When Kevin Love was the preeminent high school basketball recruit out of Oregon, he asked his teammate if he wanted to meet one of his childhood heroes.
Jake Jackson wanted to be an Arizona Wildcat since he was in fourth grade. Then a guard at Lake Oswego High School (Ore.), his teammate Love brought him to meet one of the coaches actively recruiting him — Arizona’s Lute Olson.
“I was like, ‘stoppppp, no (expletive) waaaay he’s coming to LO!?” Jackson shared in a post to Instagram Thursday.
When the two met, Love told Olson that Jackson would be attending Arizona the following fall. Olson extended Jackson a business card, and the next day, a position that ended up defining his college experience (as a team manager, then a grad assistant) and helped steer Jackson into coaching at the high school level. It’s one Jackson, who called Olson “like a father figure,” recalls fondly in the wake of the coach’s death Thursday at 85 years old.
Olson hadn’t just lifted Arizona’s basketball program to national prominence, making 23 consecutive NCAA Tournament appearances and winning a national title in 1997, he’d given Jackson a home and an inside look at how he runs a program during his last two seasons before retiring.
“He taught you accountability and how to own up to your mistakes,” Jackson said. “He taught you how to accept everyone for who they are. He taught you how to love everyone no matter their background or demographic. He taught you how to serve people without wanting anything in return.”
Olson suffered a stroke in February and spent time in hospice care, according to multiple reports. Much of the basketball world — professional and college — has honored the late coach in some way. Jackson received a call from Olson’s wife, Kelly, the night before he died. She put him on speaker phone, and he was able to tell Olson how he felt.
That stretches down to the high school level, where Jackson honors Olson’s legacy every day, now at Sumner, where he’s been since 2016. He previously coached at Peninsula for four seasons.
Jackson was a student manager at Arizona during a transitional phase in the basketball program’s history. Olson retired after his sophomore year, and Jackson experienced four coaching changes in his five seasons in Tucson.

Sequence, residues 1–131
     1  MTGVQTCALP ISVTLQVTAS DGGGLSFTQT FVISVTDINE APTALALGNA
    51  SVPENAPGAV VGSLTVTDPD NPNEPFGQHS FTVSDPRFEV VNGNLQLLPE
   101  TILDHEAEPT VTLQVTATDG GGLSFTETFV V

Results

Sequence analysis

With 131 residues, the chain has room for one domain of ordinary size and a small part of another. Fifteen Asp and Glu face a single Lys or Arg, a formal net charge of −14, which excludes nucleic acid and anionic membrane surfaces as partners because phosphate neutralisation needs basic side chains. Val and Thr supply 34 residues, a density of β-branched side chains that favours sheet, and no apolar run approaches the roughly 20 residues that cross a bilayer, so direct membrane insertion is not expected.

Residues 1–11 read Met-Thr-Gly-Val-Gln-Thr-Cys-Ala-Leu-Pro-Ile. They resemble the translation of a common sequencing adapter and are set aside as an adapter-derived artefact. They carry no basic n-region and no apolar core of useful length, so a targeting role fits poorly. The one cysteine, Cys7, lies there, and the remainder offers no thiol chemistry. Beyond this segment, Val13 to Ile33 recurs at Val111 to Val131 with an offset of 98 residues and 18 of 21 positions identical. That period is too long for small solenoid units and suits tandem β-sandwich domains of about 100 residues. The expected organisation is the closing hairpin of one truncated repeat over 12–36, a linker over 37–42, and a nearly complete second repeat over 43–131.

Even after Jackson graduated, Olson called and texted. When he was in Seattle, they would go get dinner. When back in Tucson, he’d go to Olson’s house for dinner.
“He was just a very loyal person beyond basketball,” Jackson said. “He didn’t even want to talk about basketball, other than ‘how’s Peninsula?’ Or ‘how’s Sumner doing?’ He just wanted to talk about me, my family, or his family.”
Olson treated Jackson like he did his players. They were family.
Jackson learned that the day he met him. He recalls driving with Love to meet “Coach O,” his idol. Then Olson handed Jackson his business card and offered him a job as a student manager.
Olson offered him a direction — a track as a student manager that paid for his college.
“When you’re an 18-year-old kid trying to find your way, when you’re at the ‘Y’ in your life, you can either go left, right, backward,” Jackson said. “He allowed me to go forward.”
When it comes to Xs and Os, Olson wasn’t the coach that left the biggest imprint on Jackson. Olson knew how to build relationships. He knew he needed to know each of his players’ backstories, know their hobbies, know their parents personally and understand where they came from.
Jackson struggled with that difference in philosophies at Peninsula. His playbook was long. They had 25 zone sets, three different half-court defenses — “it was too much,” Jackson said. Olson was all about relationships, and Jackson realized he had to make that more of a focus.
“There’s a reason why (Olson) won so much. He had the player’s heart in mind at all times,” Jackson said. “And he allowed the players to be themselves.”
He credits Sumner’s success this past season, winning its first state tournament game in 49 years in epic fashion, to the bond the team shared — individually and as a collective.
“I think the reason why we did so well is personnel, you have to have personnel,” Jackson said. “But number two, we really were so relational with our guys.”
On that day at Lake Oswego High School, Jackson recalls Olson flying in on a private jet into the Hillsboro Airport. The coach’s presence felt as if a celebrity was walking the school’s halls.
That day, Love was the celebrity.
He’d go on to become an NBA champion, five-time all-star and become inducted into the hall of fame at his college of choice: UCLA.
Olson flew home from that trip without his prized possession — the very reason he was there.
But he didn’t walk away empty-handed.